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Schumer: 2020 'doesn't bode well' for GOP

Schumer: 2020 'doesn't bode well' for GOP
© Stefani Reynolds
Senate Minority Leader Charles SchumerChuck SchumerNew York court worker arrested, accused of threats related to inauguration Schumer: Trump should not be eligible to run for office again McConnnell, McCarthy accept Biden invitation to pre-inauguration church service MORE (D-N.Y.) played defense Wednesday, saying Democrats had a "really good night" and warning Republicans to not feel confident heading into 2020. 
 
"Last night was a really good night for Democrats and what happened last night doesn't bode well for President TrumpDonald TrumpLil Wayne gets 11th hour Trump pardon Trump grants clemency to more than 100 people, including Bannon Trump expected to pardon Bannon: reports MORE and Republicans in 2020 and beyond," Schumer told reporters. 
 
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Schumer pointed to Democrats taking over control of the House — calling the victory "far and away the most significant change" and "great news for America" — as well as highlighting the Democratic gubernatorial wins and state legislatures. 
 
"Republicans lost women, minorities and suburban voters across the country in such margins that it should worry every Republican candidate in 2020 and President Trump," Schumer added. 
 
Though Democrats made gains in the House and were able to unseat Sen. Dean HellerDean Arthur HellerOn The Trail: Democrats plan to hammer Trump on Social Security, Medicare Lobbying World Democrats spend big to put Senate in play MORE (R-Nev.), Senate Republicans took down three Democrats: Sens. Claire McCaskillClaire Conner McCaskillLobbying world Former McCaskill aides launch PAC seeking to thwart Hawley Ex-GOP senator blasts Hawley's challenge to electoral vote count as 'highly destructive attack' MORE (Mo.), Joe DonnellyJoseph (Joe) Simon DonnellyBiden and Schumer face battles with left if Democrats win big Harris walks fine line on Barrett as election nears The Hill's Morning Report - Sponsored by JobsOhio - Showdown: Trump-Biden debate likely to be nasty MORE (Ind.) and Heidi HeitkampMary (Heidi) Kathryn HeitkampHarrison seen as front-runner to take over DNC at crucial moment Biden to tap Vilsack for Agriculture secretary: reports OVERNIGHT ENERGY: EPA guidance may exempt some water polluters from Supreme Court permit mandate | Vilsack's stock rises with Team Biden | Arctic wildfires linked to warming temperatures: NOAA MORE (N.D.). A fourth, Sen. Bill NelsonClarence (Bill) William NelsonGeorgia Senate races shatter spending records Georgia voters flood polls ahead of crucial Senate contests The Hill's Morning Report - Fearing defeat, Trump claims 'illegal' ballots MORE (D-Fla.), is headed toward a recount.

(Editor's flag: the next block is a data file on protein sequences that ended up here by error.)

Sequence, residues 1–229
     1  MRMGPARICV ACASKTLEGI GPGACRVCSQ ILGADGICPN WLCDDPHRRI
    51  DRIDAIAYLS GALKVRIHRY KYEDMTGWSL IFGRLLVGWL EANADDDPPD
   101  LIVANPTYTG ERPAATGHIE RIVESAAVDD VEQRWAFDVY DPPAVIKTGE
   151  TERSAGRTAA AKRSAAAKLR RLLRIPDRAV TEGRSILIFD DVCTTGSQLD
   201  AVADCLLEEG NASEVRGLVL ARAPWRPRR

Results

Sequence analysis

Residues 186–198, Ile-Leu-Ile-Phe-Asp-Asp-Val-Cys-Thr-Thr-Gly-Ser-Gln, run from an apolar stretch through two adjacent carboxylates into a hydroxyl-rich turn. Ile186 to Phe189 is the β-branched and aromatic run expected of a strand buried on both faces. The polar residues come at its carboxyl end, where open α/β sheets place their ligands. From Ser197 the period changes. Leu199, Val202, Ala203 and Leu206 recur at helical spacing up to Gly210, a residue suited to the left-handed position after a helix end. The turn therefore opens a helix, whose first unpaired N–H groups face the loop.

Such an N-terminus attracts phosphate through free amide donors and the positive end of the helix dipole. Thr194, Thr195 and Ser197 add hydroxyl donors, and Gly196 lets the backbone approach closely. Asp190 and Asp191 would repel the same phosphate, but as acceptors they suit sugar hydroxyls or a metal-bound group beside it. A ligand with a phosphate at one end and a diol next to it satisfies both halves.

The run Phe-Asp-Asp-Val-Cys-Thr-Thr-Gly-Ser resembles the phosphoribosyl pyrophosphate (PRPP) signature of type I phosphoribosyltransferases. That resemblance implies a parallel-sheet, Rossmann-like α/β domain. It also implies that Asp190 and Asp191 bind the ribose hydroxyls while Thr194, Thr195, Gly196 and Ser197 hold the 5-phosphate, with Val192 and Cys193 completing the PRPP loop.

But Schumer countered that Trump's narrative that Tuesday night was a "tremendous success" for Republicans was "delusional."
 
Democrats went into 2018 with a deeply unfavorable map. They had to defend more than two dozen Senate seats, with 10 of those in states Trump won in 2016. 
 
Schumer, on Wednesday, argued that "given the map" Democrats did better than some predicted and added that he believed Democrats were facing better odds in 2020. 
 
"We'll have a very good shot in 2020. ... In 2020 our map is better, in 2022 our map is even better, still," Schumer said. 
 
They face a more favorable map in 2020. Democrats will have to defend 12 seats, while Republicans will be defending 21. Democrats have one senator who is already considered vulnerable — Alabama Sen. Doug Jones (D). 
 
Republicans are expected to have anywhere from a 51 to a 54 seat majority in 2019 depending on the outcomes in Florida, Arizona and the Mississippi runoff election that is scheduled for later this month. 
 
 
If Republicans sweep each of the three races that would mean Democrats would have to pick up four Senate seats and win back the White House or five seats to win control outright.